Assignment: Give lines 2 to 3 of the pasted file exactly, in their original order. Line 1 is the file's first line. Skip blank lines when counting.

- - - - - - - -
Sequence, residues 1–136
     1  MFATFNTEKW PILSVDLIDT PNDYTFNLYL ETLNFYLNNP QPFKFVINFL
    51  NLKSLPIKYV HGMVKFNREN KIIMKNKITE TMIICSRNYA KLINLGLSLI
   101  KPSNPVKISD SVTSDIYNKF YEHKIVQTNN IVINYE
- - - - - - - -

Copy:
     1  MFATFNTEKW PILSVDLIDT PNDYTFNLYL ETLNFYLNNP QPFKFVINFL
    51  NLKSLPIKYV HGMVKFNREN KIIMKNKITE TMIICSRNYA KLINLGLSLI